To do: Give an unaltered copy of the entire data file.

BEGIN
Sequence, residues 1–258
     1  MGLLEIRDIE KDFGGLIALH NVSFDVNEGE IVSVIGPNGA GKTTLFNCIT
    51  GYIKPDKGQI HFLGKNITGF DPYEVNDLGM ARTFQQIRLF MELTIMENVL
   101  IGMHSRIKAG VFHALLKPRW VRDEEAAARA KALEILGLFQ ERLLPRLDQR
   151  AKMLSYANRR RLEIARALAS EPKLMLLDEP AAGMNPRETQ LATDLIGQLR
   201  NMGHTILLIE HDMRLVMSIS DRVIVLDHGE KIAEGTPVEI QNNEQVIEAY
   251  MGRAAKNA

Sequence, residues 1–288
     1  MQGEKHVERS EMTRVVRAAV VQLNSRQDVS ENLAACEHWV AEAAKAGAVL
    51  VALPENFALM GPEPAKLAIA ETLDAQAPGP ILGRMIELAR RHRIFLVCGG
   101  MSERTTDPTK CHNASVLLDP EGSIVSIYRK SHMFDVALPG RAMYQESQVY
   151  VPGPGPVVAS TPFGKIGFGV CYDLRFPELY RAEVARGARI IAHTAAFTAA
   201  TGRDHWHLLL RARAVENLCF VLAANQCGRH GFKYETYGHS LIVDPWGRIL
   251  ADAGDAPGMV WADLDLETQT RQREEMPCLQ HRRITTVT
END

Sequence, residues 1–258
     1  MGLLEIRDIE KDFGGLIALH NVSFDVNEGE IVSVIGPNGA GKTTLFNCIT
    51  GYIKPDKGQI HFLGKNITGF DPYEVNDLGM ARTFQQIRLF MELTIMENVL
   101  IGMHSRIKAG VFHALLKPRW VRDEEAAARA KALEILGLFQ ERLLPRLDQR
   151  AKMLSYANRR RLEIARALAS EPKLMLLDEP AAGMNPRETQ LATDLIGQLR
   201  NMGHTILLIE HDMRLVMSIS DRVIVLDHGE KIAEGTPVEI QNNEQVIEAY
   251  MGRAAKNA

Sequence, residues 1–288
     1  MQGEKHVERS EMTRVVRAAV VQLNSRQDVS ENLAACEHWV AEAAKAGAVL
    51  VALPENFALM GPEPAKLAIA ETLDAQAPGP ILGRMIELAR RHRIFLVCGG
   101  MSERTTDPTK CHNASVLLDP EGSIVSIYRK SHMFDVALPG RAMYQESQVY
   151  VPGPGPVVAS TPFGKIGFGV CYDLRFPELY RAEVARGARI IAHTAAFTAA
   201  TGRDHWHLLL RARAVENLCF VLAANQCGRH GFKYETYGHS LIVDPWGRIL
   251  ADAGDAPGMV WADLDLETQT RQREEMPCLQ HRRITTVT